What is the future of 3D printing? Away from the hype and Wall Street, what are we actually going to be able to do? What are the challenges in additive manufacturing (AM)? Will we be a niche application technology? Or will we be used in conjunction with mass production? Will we be used everywhere? Or only in a few industries? We asked some key leaders in the 3D printing industry to think about the future of AM, and have compiled their responses
We used to believe that 3D printing would replace traditional manufacturing wholesale. Now, this is no longer the case. 3D printing consultant Oliver Smith of ReThink Additive noted:
“AM will never replace high-volume manufacturing in a like-for-like scenario, i.e., producing the same parts with 3D printing instead of injection molding. Where it will almost certainly become a large-scale manufacturing technology will be when we innovate and design products and applications where the capabilities of 3D printing either massively compress the process chain or add hugely superior functionality that cannot be matched by conventional production methods. For instance, ergonomically customized orthotics and prosthetics, orthopedic implants with highly tuned lattice structures or direct dental aligners produced directly from digital scan data.”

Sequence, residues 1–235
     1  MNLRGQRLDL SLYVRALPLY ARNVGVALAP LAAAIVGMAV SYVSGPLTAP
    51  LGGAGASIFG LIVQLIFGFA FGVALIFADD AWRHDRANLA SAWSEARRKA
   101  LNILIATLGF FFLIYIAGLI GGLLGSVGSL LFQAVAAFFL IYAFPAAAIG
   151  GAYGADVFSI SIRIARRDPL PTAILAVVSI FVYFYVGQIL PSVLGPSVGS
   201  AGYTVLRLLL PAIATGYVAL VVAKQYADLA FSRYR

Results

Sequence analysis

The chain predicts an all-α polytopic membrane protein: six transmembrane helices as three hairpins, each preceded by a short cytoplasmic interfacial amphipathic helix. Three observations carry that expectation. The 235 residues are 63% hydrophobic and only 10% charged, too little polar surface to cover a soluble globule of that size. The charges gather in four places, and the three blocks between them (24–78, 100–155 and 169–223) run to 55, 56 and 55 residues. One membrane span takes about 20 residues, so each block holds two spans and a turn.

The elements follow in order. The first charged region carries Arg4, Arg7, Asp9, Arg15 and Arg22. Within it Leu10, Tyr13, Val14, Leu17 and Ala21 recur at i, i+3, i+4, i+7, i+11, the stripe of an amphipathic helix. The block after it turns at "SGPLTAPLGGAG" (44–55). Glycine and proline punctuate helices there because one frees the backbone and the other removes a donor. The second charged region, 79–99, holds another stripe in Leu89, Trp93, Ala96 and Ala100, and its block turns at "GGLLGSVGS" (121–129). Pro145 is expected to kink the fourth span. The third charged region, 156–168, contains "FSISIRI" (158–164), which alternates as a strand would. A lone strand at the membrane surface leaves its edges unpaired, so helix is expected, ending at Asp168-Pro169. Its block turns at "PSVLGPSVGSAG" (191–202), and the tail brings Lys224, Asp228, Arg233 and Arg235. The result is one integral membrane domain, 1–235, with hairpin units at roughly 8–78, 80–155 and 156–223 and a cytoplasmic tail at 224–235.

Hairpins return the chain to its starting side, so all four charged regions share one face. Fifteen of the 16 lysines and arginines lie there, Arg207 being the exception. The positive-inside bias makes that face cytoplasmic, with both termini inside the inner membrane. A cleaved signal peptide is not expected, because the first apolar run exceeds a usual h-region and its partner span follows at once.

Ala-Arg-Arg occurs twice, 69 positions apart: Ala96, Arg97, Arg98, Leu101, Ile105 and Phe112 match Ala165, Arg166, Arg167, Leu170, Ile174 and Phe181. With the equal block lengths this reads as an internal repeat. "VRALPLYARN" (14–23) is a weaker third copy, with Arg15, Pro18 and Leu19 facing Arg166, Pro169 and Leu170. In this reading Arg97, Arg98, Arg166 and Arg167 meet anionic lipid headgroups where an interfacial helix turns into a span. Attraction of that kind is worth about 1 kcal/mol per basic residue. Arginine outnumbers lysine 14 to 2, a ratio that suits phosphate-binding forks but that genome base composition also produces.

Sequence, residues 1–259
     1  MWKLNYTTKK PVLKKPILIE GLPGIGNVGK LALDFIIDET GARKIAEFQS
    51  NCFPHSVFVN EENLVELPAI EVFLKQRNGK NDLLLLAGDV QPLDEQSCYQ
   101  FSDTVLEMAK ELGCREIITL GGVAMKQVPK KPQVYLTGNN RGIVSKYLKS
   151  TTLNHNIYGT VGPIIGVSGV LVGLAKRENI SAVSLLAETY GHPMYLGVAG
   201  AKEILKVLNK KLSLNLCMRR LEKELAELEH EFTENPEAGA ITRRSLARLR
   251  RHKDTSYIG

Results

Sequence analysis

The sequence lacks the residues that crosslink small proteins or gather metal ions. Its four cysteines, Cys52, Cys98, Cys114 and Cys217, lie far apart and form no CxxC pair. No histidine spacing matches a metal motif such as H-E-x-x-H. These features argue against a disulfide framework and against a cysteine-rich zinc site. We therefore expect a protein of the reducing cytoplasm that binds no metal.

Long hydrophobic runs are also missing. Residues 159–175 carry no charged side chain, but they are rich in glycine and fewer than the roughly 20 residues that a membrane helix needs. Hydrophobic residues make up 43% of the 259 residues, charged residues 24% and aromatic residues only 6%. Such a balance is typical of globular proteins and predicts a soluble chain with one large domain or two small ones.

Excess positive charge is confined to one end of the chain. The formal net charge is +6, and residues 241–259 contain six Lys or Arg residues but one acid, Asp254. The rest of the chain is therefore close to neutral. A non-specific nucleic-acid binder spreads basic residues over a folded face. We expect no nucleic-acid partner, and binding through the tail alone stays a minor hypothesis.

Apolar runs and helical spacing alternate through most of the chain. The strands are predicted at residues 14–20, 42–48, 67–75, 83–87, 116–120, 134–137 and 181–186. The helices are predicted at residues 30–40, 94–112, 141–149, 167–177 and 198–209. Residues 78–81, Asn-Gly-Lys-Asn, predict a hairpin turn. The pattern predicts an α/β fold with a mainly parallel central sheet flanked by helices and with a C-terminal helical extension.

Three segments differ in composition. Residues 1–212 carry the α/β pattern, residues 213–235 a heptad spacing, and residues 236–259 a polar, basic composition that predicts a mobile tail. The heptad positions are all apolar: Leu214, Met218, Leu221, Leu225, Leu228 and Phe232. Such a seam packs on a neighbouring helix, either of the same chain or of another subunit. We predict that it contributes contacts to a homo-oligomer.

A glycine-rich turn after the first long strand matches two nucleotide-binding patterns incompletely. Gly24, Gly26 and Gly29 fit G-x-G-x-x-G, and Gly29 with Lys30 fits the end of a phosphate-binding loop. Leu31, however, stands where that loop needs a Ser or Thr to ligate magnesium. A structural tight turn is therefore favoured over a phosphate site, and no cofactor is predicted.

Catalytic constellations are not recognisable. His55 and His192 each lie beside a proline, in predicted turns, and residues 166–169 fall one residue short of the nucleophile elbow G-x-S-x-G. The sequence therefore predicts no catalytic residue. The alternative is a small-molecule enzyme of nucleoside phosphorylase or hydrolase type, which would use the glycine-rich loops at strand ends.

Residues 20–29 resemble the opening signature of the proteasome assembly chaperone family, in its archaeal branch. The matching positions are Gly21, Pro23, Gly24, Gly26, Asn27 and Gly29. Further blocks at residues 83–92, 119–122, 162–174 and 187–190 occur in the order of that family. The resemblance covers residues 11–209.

Here, Oliver is focusing on use cases where 3D printing actually makes sense. An easily overlooked point he makes is that AM could be very useful in cases in which we “compress the process chain.” Not only time advantages can make our technology significant. We could also benefit from places in which space, or the number of steps, or waiting for tooling, or the capital needed, or the number of parties needed would be too great with conventional alternatives. That is something not often so holistically viewed.
One could really miss a lot of the key advantages of AM if one just looks at this as though time is the only process-related variable. Think of 3D printing on the moon, in clean rooms, aboard oil platforms, in top-secret projects, in ITAR or other cumbersome regulatory regimes and you’ll see more advantages than just “faster.”
Oliver’s second point of adding superior capabilities to a part is almost orthodox now, with many believing that key geometric advantages, such as unique structures or N=1 products, are a key element to our future. However, if we want to really manufacture these things at scale, what are the challenges?
Dr. Brent Stucker, Chief Scientist of 3D Systems, told 3DPrint.com: